Didi’s founder says vanity and breathless expansion contributed to tragedy of passenger rape-murder
The death of the female Didi passenger has sparked nationwide concern in China over the safety of private-hire cars
Didi Chuxing’s founder Cheng Wei and president Jean Liu apologised for the death of a 20-year-old female passenger at the hands of a Didi driver, saying that “vanity” and “breathless expansion” had caused the Beijing-based start-up to lose sight of its original mission to build a better world of mobility.
“The past few days have been days of immense pain,” Cheng and Liu said in a statement released on Monday. “As founder and president of this company, we are deeply grieved and remorseful. Words are useless in the face of loss of a life. But we still wish to say sorry to the victim, her family, and everyone. We are sorry; we failed your expectations.”
Police in Yueqing city, in China’s eastern Zhejiang province, said on Saturday they found the body of a 20-year-old female surnamed Zhao, and arrested a Didi driver who confessed to her rape and murder.
The victim had sent a message to her friend a day earlier asking for help before she went missing. In May, another woman, aged 21, was raped and killed in Zhengzhou, in central China, allegedly by an unregistered Didi driver whose body was later found in a river.
The company’s ride-hitching service, which was introduced three years ago, became a popular option for people who were unable to get a train ticket or afford more expensive air fares during China’s Lunar New Year. About half of the trips were between 30 and 100 kilometres, or one to four hours drive, according to Didi in February.
Didi is said to be exploring an IPO and is locked in a battle for users with Meituan-Dianping in ride-hailing. They are among Chinese internet companies that are building online platforms for services as they seek to make their apps more sticky for users. Didi has also made international expansion a key plank of its strategy, acquiring control of Brazil’s 99 to create a rival to Uber in Latin America.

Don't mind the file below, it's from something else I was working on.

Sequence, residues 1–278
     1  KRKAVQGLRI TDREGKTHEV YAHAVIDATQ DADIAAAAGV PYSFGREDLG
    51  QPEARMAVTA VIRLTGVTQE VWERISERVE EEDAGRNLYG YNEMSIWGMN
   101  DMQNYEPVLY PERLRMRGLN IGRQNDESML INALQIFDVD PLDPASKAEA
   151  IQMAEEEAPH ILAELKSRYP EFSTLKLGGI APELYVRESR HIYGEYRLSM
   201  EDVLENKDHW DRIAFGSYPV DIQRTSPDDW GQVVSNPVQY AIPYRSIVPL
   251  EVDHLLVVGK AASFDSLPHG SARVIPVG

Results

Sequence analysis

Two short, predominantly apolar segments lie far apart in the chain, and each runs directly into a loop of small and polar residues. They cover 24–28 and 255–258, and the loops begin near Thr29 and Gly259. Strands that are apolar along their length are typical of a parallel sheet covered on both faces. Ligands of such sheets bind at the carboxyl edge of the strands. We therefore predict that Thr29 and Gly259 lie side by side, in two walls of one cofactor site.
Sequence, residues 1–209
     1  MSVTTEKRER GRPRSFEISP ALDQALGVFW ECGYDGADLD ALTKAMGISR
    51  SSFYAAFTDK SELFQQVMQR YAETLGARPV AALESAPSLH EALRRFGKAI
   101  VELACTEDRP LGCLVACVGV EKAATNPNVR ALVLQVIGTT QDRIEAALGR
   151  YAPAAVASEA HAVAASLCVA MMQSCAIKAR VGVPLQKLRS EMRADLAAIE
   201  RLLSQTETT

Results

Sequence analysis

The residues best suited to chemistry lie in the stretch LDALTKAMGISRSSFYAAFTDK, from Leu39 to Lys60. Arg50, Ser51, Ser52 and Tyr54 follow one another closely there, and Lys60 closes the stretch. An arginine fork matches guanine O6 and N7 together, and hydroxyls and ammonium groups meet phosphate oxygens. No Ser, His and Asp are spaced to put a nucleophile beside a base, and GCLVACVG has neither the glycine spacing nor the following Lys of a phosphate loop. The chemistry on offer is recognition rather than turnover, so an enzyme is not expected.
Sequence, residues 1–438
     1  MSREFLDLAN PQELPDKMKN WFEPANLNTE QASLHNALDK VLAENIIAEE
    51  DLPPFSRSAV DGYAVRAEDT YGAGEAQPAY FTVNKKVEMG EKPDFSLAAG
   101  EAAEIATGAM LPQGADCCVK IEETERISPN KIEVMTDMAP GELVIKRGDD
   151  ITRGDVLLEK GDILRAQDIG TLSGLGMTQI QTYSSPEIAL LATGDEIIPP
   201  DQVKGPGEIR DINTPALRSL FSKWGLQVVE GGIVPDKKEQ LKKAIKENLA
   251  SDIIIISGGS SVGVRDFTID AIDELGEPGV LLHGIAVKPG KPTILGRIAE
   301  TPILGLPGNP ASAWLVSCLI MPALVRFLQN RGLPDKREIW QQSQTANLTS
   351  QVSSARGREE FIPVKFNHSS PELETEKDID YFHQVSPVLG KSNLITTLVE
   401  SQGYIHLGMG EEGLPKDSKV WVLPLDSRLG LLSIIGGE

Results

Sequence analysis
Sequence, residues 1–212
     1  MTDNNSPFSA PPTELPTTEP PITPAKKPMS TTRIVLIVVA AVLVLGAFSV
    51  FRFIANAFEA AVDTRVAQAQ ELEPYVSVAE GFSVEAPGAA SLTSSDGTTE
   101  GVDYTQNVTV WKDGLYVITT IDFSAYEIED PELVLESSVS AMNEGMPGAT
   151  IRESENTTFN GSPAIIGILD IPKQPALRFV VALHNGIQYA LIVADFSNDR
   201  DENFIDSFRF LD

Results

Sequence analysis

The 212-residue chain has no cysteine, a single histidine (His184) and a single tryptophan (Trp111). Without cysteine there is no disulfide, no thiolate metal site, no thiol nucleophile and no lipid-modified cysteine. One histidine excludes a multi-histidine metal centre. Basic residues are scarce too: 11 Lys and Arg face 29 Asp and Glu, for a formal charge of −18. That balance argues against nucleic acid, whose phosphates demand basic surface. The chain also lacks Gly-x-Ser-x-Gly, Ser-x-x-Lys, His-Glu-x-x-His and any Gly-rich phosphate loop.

“The tragedy reminded us we have walked this path without enough respect nor humility,” according to the statement. “Our ignorance and pride led to irreversible pain and loss. We can only ask ourselves what happened.”
Cheng and Liu go on to say: “We see clearly this is because our vanity overtook our original beliefs. We raced non-stop riding on the force of breathless expansion and capital through these few years; but this has no meaning in such a tragic loss of life.”
The company has started to question whether it is doing the right thing or whether it even has the right values, they said.
“There is an enormous amount of self-doubt, guilt and soul-searching.”
For a start, Didi will stop using scale and growth as its measurement of success. Safety will be prioritised as the single most important performance indicator, they said. The company will upgrade safety features, including the SOS button and itinerary-sharing functions, while user complaints that involve personal safety issues will involve China’s 110 police hotline to ensure information reaches the police at the earliest time.
The business model of Hitch, the service linked to the two murders, will be “thoroughly re-evaluated” and “suspended indefinitely” until there is a safety protection mechanism that is accepted by users, the company said.
Didi will also begin “deeper collaboration” with law enforcement agencies to establish safety protection mechanisms and respond more effectively to evidence requests. The company will start testing a new self-service inquiry system for police, it said.
In the wake of the second killing, downloads for an app that purports to link the user to police departments via livestreaming shot up the download charts.
The National Development and Reform Commission said in a statement on Monday that various government agencies will coordinate the regulation of ride-hailing operators, while expanding use of the country’s nascent social credit system across the transport sector.
Meanwhile, police have detained two men accused by Chinese social media users of making offensive remarks about the 20-year-old passenger who was killed last week, according to a Reuters report on Tuesday. Under China’s internet rules, users who spread rumours or make defamatory comments can be arrested or even sent to jail.
Didi’s shareholders include Tencent Holdings, Baidu and Alibaba Group Holding, the owner of the South China Morning Post.